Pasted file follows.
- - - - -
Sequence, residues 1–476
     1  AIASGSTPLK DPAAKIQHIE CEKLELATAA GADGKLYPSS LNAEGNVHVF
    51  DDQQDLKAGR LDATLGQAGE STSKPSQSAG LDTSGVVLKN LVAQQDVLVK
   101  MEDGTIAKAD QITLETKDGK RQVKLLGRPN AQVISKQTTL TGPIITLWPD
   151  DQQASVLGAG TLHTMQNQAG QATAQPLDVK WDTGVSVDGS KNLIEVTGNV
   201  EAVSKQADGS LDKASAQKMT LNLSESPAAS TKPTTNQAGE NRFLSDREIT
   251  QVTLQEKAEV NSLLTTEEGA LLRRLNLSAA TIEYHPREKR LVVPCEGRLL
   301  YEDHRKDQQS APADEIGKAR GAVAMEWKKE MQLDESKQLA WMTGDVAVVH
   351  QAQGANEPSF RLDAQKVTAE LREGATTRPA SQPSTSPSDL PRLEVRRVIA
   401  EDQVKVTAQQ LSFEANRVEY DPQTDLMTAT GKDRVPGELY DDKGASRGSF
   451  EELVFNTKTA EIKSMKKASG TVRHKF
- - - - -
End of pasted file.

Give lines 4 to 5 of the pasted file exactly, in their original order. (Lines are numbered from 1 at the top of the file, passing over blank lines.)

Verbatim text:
   101  MEDGTIAKAD QITLETKDGK RQVKLLGRPN AQVISKQTTL TGPIITLWPD
   151  DQQASVLGAG TLHTMQNQAG QATAQPLDVK WDTGVSVDGS KNLIEVTGNV